If I was to go with Warmoth, the one piece, swamp ash body alone is over $315 and the flame maple neck is over $700, so I'm already up there. Allparts charges over $500 for what appears to be the same body.
 

cousinpaul

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Is there certain neck profile or body weight that you can't get on an off-the-rack guitar? I suffer from trigger finger and am fussy about necks. My strat is a Warmoth hardtail with rosewood slab board, 1" boat neck profile, etc. My tele is a road worn player with a chunky Allparts neck. I put them together back before Fender was offering anything affordable a thick neck. That may still be the case depending on your budget. My bodies and necks were purchased used, and I got very good deals.

I should probably mention that good parts don't always add up to a great guitar. One advantage to shopping for a complete guitar would be playing as many as you can and picking the one that suits you. With a partscaster, there's no guarantee.
 
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LowCaster

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Premium flamed maple is expensive, if that’s what you want go for it. I find that it may be over the top, and does not really suit the relative simplicity of the strat. Plus what appears to be very lightly flamed/figured in pics (unfinished) will be enhanced by the finish (and can be enhanced even more with oil, etc...). I’d be happy with their <300$ flamed maple necks.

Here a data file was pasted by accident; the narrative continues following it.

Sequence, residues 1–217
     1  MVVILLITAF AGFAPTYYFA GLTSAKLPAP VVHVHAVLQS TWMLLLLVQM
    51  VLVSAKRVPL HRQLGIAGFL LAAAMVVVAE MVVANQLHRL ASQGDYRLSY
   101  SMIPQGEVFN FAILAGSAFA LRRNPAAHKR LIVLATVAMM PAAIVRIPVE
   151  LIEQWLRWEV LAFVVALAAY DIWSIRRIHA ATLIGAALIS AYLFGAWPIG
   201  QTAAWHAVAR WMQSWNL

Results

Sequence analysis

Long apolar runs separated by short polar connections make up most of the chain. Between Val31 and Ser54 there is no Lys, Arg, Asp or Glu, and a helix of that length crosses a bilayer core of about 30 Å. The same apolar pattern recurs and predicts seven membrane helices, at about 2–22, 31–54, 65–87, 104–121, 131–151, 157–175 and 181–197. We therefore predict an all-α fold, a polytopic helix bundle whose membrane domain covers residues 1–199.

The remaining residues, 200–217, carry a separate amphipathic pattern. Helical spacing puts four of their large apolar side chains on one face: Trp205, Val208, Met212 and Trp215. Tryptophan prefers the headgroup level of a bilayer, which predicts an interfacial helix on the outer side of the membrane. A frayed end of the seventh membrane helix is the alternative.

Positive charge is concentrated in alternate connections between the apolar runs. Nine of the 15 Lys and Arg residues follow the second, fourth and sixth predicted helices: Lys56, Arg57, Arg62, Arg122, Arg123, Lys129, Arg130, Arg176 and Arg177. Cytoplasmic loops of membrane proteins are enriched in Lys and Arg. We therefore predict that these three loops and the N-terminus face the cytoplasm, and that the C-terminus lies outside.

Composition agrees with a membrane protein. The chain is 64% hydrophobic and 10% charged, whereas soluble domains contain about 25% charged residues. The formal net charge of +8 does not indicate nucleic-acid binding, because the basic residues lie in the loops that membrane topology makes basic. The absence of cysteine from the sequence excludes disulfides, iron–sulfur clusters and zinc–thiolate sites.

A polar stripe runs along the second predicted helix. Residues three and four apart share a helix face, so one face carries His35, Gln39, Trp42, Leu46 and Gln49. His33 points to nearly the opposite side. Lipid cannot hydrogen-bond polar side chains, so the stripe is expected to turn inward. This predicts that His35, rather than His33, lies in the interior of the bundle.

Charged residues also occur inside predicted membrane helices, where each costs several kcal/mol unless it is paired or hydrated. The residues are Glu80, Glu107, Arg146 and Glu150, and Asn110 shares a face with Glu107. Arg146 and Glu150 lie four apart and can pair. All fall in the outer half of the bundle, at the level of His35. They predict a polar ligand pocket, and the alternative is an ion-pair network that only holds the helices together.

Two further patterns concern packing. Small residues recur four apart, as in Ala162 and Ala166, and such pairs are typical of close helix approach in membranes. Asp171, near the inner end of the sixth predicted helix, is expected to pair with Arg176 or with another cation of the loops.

bgmacaw

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There's a tendency to spend too much, especially on one's first partscaster. The other downside is that sometimes these expensive parts don't form a cohesive guitar.

If you want to get into assembling parts guitars you might want to consider starting relatively inexpensively to gain experience in what works. If you don't want to do that, modding an existing guitar might be a better path.
 

Jared Purdy

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Is there certain neck profile or body weight that you can't get on an off-the-rack guitar? I suffer from trigger finger and am fussy about necks. My strat is a Warmoth hardtail with rosewood slab board, 1" boat neck profile, etc. My tele is a road worn player with a chunky Allparts neck. I put them together back before Fender was offering anything affordable a thick neck. That may still be the case depending on your budget. My bodies and necks were purchased used, and I got very good deals.

I should probably mention that good parts don't always add up to a great guitar. One advantage to shopping for a complete guitar would be playing as many as you can and picking the one that suits you. With a partscaster, there's no guarantee.
No, just seemed like an interesting and fun project. I like big, 50's C profile necks, which is consistent with what I have on my CS Strat.
 

Jared Purdy